The lobby of the historic Davenport Hotel & Tower in Spokane, Wash.,… (Peter Hassel Photography )
It's almost Father’s Day so let's be honest: Dad's a pain to buy for. You're going to have to be creative. We're suggesting something travel-related, but not just any old trip to a fishing camp (although there's nothing wrong with that). We're suggesting father-related travel.
When you stop to think about it, the world is full of famous fathers: There's the father of surfing, Duke Kahanamoku, so can you hear Hawaii or Huntington Beach calling? There's the father of our country, which means a trip to Mt. Vernon, Va., or the Founding Fathers, which suggests a trip to Philadelphia.
For something closer to home, we might offer up any of the 21 California missions, founded by the best known father in the Golden State, Father Junipero Serra. Staying in the West, maybe you’ll want to visit Spokane, Wash., the place where Father's Day originated.
So happy Father's Day and get out that suitcase. For as many times as you sent him into orbit, maybe this time you could just send him on a nice trip -- with or without you.
Hawaii's hot surfing spots: A dad who loves to surf? What could possibly be cooler than that?
Duke Paoa Kahanamoku was born near Waikiki in 1890, when Hawaii wasn't yet part of the United States. As the father of surfing, he embodied what the best dads tell their kids to do: strive for greatness. He was a three-time Olympic gold medalist in swimming at the 1912 and 1920 Games, but his true passion and legacy was showing the world what standing on a board in big waves was all about.
With a 10-foot plank of wood, he went to Oahu and gracefully conquered the North Shore's monster waves -- and then the world. In 1914, he stunned people at Freshwater Beach in Sydney, Australia, with his wave-riding prowess. Ditto for California and the East Coast where he demonstrated surfing in the 1910s.
There are many places to take Dad to honor the Big Kahuna, but Oahu's North Shore would be best to watch surfers ride the huge waves. Some travel-worthy alternatives: Freshwater Beach in Sydney, where there's a statue of Kahanamoku, or any one of the surf museums in the U.S., such as the California Surf Museum (312 Pier View Way, Oceanside), the Huntington Beach International Surfing Museum (411 Olive Ave., Huntington Beach) and the Santa Cruz Surfing Museum (Mark Abbott Memorial Lighthouse, West Cliff Drive, Santa Cruz).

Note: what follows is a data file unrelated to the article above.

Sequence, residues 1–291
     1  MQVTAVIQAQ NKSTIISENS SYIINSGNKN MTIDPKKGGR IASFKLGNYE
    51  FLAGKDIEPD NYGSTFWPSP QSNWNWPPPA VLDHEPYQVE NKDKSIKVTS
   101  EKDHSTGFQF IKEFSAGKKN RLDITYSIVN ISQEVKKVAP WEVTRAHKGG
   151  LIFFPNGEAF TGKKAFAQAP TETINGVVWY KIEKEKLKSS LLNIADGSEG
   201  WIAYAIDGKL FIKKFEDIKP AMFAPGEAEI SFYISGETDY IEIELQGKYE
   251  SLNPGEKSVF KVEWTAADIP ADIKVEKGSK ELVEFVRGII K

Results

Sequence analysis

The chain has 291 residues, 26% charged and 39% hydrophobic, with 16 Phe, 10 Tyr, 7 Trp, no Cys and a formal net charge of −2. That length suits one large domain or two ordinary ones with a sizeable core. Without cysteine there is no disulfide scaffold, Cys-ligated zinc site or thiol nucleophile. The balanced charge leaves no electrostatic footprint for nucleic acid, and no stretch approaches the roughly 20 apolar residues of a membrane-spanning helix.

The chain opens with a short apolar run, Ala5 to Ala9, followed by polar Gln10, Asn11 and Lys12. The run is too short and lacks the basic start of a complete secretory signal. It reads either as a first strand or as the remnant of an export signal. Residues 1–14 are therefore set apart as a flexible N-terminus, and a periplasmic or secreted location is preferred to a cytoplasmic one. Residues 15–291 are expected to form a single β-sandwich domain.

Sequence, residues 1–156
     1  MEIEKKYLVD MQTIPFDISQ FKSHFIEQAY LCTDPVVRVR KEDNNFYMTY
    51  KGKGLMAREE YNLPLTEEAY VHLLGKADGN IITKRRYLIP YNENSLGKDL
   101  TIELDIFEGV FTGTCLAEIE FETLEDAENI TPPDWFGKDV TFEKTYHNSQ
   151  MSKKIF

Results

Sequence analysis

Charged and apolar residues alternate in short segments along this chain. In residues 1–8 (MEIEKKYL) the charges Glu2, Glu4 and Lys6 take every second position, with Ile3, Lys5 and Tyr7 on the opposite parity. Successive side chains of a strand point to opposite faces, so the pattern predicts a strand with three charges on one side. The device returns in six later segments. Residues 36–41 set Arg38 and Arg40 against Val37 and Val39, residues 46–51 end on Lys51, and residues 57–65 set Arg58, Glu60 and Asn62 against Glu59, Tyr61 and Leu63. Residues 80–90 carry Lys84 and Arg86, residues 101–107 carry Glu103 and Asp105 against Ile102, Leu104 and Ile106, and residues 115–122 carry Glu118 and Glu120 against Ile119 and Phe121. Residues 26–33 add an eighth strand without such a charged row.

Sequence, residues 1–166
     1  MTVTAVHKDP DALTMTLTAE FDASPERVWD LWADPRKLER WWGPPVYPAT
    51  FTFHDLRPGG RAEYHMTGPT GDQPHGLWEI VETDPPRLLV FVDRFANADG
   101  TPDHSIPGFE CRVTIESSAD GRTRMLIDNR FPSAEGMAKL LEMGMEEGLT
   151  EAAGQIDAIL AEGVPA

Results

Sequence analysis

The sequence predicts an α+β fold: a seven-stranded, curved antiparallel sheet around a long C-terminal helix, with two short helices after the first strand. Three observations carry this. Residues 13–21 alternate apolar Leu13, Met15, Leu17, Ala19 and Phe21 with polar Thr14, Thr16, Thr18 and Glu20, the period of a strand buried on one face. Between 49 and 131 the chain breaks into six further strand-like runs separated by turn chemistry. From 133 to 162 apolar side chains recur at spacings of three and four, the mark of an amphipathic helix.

Spokane, Wash., where it all began: Mother's Day came first: Anna Jarvis of Philadelphia is said to have been responsible for the first commemoration in 1907. But what about poor old Dad? He didn't get his (official) due until 1972. If you’d like to visit the place where it all started, book a trip to Spokane, Wash., in the eastern part of the state.
Spokane may play second fiddle to Seattle (maybe in the same way that Dad feels as though he plays second fiddle to Mom)?, but perhaps it shouldn't -- not with its treasure-trove of history.
But we digress. First to the Father's Day story: Civil War veteran William Smart raised his daughter and five sons alone after their mom died.
Daughter Sonora Smart (later Dodd) of Spokane started in 1910 to garner support for honoring dads, but it took President Nixon to sign a law in 1972 memorializing it as a holiday. You can visit her Spokane home, the Dodd Home & Garage, 603 S. Arthur, by emailing firstname.lastname@example.org. (In honor of Father's Day, it will be open for tours noon-4 p.m. Sunday.)
You can house Dad (and Mom too, if you invited her) at the luxurious Davenport Hotel & Tower, a 1914 gem that's been redone and restored to its former glory.
The Martin Woldson Theatre at the Fox is a 1931 Art Deco stunner whose stage once hosted Katharine Hepburn, Marian Anderson and Frank Sinatra.
Of course, you could not leave Spokane without paying homage to one of America’s best-known fathers: Bing Crosby. He performed at this 1915 theater now named for its favorite son (although not truly a native son -- he was born in Tacoma, Wash., but studied law in Spokane). Slip on a sweater, grab your pipe (but don't light it) and think of him as Father O’Malley in "Going My Way."
Mt. Vernon Estate, Museum and Garden, Virginia: As the father of our country, George Washington was kind of a helicopter parent. He charged into battle when duty called, served as the first president when elected in 1789 but always wanted to return to his beloved Virginia plantation at Mt. Vernon near Washington.
Truth is he never had children of his own, but he acquired two stepkids in 1759 when he married widow Martha Dandridge Custis. Being the father of our country would give him enough parental angst, from directing battles during the Revolutionary War to his most un-king-like moment of rejecting a third term as president.